"Find your scenes, and move your characters through them," Tim Neville, our mentor, told us. Scenes? Characters? I was about an hour into the World Nomads Travel Writing Workshop, and I was slowly realising that I knew a lot less about travel writing than I thought.
But during my three weeks in the Balkans I was able to try out Tim's advice, finding scenes, taking on missions, and developing tension in some of Montenegro and Albania's most interesting places.
After a three-day workshop with Tim and my two fellow writers, I travelled south into Albania, and was taken high into the mountains, to a 60-strong farm town called Nevice. Auron Tare, my guide, is trying to promote the region for tourism, and it's not lacking attractions. Around us, rough mountains roll into grassy fields. Just metres away from town, canyons carve through the rocky earth. To promote the region, Auron hosted a Miss Albania photoshoot on a clifftop five minutes out of town. I've hiked all my life, but never through 4,000 year old ruins, and never with thirty perfectly coiffured Albanian teenagers and a film crew as my hiking companions.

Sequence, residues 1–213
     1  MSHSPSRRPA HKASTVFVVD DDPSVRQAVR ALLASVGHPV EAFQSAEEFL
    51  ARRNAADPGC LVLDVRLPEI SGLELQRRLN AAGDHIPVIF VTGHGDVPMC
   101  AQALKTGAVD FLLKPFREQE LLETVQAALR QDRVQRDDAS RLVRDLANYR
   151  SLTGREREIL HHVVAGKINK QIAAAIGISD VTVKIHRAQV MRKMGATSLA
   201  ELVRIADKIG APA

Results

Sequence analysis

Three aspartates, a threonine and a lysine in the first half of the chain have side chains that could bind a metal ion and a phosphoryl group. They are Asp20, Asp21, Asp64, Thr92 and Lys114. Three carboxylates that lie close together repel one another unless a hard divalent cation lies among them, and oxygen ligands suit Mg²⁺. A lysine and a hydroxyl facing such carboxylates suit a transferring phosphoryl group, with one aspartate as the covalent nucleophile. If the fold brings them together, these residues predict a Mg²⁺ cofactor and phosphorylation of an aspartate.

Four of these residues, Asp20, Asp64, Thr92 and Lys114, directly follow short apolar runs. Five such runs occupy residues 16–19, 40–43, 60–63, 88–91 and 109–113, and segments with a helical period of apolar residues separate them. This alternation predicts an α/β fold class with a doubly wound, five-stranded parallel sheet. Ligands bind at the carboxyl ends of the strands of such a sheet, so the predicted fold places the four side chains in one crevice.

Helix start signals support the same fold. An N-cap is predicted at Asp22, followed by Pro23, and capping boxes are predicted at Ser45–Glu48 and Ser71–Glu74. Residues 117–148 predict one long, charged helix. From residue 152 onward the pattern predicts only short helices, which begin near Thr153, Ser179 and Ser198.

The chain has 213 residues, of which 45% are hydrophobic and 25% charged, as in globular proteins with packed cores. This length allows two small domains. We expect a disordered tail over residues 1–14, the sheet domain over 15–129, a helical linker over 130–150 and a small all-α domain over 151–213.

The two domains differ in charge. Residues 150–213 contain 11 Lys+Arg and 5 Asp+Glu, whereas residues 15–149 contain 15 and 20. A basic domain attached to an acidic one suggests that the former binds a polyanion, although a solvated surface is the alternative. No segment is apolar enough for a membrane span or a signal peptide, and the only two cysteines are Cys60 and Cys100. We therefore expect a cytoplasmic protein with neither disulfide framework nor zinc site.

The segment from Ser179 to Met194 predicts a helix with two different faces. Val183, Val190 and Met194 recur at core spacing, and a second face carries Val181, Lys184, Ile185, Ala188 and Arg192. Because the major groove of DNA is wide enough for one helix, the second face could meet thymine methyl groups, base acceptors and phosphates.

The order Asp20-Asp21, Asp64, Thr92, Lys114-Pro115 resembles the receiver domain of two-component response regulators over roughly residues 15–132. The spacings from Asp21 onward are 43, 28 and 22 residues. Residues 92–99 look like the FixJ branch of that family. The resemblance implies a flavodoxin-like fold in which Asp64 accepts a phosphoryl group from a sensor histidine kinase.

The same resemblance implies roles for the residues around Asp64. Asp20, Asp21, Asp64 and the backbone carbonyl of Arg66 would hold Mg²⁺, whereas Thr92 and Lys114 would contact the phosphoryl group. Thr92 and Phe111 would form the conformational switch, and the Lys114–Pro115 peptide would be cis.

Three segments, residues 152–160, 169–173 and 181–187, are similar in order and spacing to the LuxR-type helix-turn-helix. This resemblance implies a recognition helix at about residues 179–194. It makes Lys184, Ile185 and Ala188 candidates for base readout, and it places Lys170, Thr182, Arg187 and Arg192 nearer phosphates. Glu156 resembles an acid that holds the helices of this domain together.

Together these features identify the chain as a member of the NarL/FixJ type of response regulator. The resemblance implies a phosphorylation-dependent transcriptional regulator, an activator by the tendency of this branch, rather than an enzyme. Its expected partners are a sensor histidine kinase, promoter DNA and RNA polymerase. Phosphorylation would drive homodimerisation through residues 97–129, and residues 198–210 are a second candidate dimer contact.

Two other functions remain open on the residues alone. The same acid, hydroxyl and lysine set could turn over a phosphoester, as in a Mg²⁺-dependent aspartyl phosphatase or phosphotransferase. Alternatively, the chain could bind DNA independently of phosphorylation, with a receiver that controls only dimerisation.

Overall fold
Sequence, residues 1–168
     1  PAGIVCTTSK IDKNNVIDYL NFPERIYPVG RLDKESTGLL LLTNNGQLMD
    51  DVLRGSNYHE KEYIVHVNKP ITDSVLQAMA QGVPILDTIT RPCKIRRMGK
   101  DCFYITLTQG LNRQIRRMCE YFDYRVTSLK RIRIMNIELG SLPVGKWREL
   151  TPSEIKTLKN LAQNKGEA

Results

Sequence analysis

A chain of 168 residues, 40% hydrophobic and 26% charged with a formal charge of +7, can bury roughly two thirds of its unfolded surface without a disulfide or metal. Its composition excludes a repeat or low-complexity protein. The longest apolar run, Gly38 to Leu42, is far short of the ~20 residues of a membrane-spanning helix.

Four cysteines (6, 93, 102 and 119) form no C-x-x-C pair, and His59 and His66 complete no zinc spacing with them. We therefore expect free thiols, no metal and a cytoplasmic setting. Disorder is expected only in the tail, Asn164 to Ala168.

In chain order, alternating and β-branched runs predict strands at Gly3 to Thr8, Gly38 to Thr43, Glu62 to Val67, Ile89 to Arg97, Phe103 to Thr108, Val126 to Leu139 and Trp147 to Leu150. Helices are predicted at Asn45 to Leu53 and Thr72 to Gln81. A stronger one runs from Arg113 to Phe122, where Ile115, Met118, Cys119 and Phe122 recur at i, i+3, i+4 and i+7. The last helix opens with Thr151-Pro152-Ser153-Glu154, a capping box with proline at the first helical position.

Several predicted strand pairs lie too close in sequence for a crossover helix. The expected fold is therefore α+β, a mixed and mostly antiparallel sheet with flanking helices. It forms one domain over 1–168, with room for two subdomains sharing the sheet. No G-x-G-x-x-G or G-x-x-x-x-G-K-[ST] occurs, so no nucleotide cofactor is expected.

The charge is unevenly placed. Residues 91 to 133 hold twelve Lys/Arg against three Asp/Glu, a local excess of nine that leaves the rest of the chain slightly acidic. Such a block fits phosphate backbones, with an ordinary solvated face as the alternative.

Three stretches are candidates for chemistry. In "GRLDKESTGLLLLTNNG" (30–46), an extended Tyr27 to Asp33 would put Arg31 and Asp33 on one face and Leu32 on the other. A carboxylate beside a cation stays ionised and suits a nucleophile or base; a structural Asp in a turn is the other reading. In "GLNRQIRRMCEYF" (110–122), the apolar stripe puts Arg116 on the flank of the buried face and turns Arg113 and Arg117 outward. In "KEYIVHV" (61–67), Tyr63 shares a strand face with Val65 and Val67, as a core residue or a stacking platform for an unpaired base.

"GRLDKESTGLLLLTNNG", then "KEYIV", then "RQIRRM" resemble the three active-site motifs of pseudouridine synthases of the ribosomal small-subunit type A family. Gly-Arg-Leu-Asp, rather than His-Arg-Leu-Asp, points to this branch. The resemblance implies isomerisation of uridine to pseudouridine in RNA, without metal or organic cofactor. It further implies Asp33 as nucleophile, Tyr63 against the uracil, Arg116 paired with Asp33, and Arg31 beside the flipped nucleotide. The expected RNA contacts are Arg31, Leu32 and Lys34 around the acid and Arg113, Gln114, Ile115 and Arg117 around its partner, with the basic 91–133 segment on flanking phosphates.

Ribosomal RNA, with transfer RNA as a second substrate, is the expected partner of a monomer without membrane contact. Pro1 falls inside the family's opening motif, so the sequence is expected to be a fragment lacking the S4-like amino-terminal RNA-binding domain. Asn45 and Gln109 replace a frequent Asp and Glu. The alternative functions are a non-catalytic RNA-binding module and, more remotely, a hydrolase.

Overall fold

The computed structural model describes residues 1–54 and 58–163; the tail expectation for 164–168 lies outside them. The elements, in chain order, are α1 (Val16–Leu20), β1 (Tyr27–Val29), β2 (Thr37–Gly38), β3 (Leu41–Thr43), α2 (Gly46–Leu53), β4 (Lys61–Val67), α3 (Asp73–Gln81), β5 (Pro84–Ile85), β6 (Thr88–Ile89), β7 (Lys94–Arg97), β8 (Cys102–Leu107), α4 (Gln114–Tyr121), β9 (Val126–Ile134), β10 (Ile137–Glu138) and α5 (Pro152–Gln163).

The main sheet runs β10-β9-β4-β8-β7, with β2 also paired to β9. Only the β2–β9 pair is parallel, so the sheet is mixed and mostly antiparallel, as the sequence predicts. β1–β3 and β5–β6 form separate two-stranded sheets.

Back in Tirana, Albania's capital, I walked past Enver Hoxha's old home in the Blokku district, which is now Tirana's party central. I noticed someone slinking away from his old garage, pocketing a spray can. What do vandals write on the homes of ex dictators? I approached the wall. "The only good system is a sound system." Next to that, still wet; "SWAG." Expecting political statements, instead I saw the light-hearted scribbles of people who aren't fixated on the country's past.
The Bay of Kotor
"Remember this," Tim whispered to us, sharing one of his travel writing secrets. We were bobbing around on a small fishing boat in the Bay of Kotor, with a bunch of boisterous local chefs. Squid fishing was on our itinerary, but all organised activities were being ignored in favour of more important things - laughter, beer, and good company.
I knew what Tim was getting at. That moment captured that best of travel - connecting with new friends from different cultures, enjoying exciting places and new experiences. For a story, and for a travel writing workshop, those moments make great endings.
See how this opportunity has made Helen a better travel writer.